What Is Faux Wood Paneling?

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  • Written By: Autumn Rivers
  • Edited By: Angela B.
  • Last Modified Date: 10 April 2014
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Faux wood paneling is a construction and design material that is used in place of real wood paneling and typically is made of a mixture of materials such as polyurethane, wood particles and vinyl. This material has various advantages over real wood paneling, including the fact that it often is cheaper and weighs less, which can make it easier to install. It is not always indistinguishable from real wood, and it usually is not as durable, either. Those who choose to add faux wood paneling to their home or office may do so on their floors, walls and blinds, to name a few popular options.

One of the benefits of faux wood paneling is its cost, because it usually is cheaper than real wood, yet many people often cannot tell the difference. In addition, it usually is lighter in weight, which can make it easier to install as a do-it-yourself project. Rather than hiring an expert, homeowners and business owners may be able to save money by using glue, fasteners or regular nails and screws to attach faux wood paneling to the desired surface, while real wood tends to call for more substantial methods of attachment. An additional reason why some people may choose this material over real wood is the lack of warping, rotting and bug infestations.


While this type of paneling has its advantages, some people can immediately tell the difference between real wood and faux wood, so they may prefer the former. This is especially true when one closely inspects and feels the surface, because faux wood tends to feel less sturdy. Its light weight also may mean it's not as durable as real wood, which users may notice when putting weight on it or trying to attach items to it with nails. For this reason, some people may end up replacing their faux wood paneling with real wood eventually, which can be a costly decision.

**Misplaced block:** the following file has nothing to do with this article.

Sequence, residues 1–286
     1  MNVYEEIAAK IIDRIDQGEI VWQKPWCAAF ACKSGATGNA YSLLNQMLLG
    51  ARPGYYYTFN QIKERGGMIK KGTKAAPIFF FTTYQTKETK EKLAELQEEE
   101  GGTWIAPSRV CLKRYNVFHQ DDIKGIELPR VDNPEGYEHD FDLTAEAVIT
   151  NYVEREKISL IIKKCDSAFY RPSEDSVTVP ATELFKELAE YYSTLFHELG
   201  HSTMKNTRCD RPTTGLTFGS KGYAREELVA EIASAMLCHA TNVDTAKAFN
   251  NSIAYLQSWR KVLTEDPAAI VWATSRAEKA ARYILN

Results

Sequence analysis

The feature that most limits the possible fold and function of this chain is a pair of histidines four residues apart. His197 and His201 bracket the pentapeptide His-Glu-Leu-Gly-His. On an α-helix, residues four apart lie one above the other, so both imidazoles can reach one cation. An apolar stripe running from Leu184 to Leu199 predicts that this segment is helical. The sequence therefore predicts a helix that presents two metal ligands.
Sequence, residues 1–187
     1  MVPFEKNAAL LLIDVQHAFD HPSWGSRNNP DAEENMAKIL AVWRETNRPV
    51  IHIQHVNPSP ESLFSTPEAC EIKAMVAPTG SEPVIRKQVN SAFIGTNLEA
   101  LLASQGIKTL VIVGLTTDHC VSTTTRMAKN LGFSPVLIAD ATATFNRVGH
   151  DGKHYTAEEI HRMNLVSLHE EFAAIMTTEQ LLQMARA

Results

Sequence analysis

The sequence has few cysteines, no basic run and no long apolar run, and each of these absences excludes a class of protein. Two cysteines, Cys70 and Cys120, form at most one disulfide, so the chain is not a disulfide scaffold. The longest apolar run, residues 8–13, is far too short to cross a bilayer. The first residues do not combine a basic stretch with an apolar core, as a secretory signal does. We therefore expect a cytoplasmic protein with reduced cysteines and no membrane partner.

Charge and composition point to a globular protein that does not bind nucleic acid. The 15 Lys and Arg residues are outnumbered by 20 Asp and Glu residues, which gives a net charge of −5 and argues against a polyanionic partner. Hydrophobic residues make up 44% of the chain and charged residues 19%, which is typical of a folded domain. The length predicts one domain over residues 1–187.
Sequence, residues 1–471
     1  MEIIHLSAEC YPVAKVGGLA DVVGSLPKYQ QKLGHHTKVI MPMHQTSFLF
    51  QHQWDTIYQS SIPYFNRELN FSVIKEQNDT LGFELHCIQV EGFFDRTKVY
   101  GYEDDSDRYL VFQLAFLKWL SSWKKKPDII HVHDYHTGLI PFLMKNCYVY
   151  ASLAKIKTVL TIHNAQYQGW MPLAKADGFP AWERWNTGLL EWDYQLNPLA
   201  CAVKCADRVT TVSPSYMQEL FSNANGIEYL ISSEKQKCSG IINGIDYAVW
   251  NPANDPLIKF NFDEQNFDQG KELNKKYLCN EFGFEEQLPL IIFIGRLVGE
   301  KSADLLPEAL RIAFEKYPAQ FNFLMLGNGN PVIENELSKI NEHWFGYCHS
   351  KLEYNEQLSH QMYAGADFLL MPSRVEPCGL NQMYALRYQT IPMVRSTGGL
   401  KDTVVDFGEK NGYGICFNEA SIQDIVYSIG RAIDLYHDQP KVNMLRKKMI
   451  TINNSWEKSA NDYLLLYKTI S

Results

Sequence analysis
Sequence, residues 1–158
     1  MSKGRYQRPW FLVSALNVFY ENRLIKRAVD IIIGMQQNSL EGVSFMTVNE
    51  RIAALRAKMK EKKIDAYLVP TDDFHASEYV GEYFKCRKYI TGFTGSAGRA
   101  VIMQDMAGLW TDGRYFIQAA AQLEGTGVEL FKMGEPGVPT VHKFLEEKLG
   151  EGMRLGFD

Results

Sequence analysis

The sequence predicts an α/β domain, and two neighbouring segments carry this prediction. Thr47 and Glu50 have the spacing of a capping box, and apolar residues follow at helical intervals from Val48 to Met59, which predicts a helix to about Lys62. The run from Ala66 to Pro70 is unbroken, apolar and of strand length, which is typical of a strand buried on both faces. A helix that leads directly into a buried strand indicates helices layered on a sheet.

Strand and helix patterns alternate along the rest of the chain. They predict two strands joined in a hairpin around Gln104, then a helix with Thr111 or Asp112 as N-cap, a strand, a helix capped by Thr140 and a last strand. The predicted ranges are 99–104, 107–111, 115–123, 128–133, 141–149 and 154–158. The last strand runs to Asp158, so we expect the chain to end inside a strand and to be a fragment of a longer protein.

There are many uses for faux wood paneling, because this material can be used nearly anywhere in a structure. One of the most common uses is on walls, because it usually is simply attached to a surface to create a warm, rich look that often appears more expensive than it really is. The same look can benefit other parts of the house, and this type of material can be found on floors and ceilings, as well as in faux wood blinds. Some people also decorate the exterior of their home with faux wood paneling, choosing to use it as siding or shutters.


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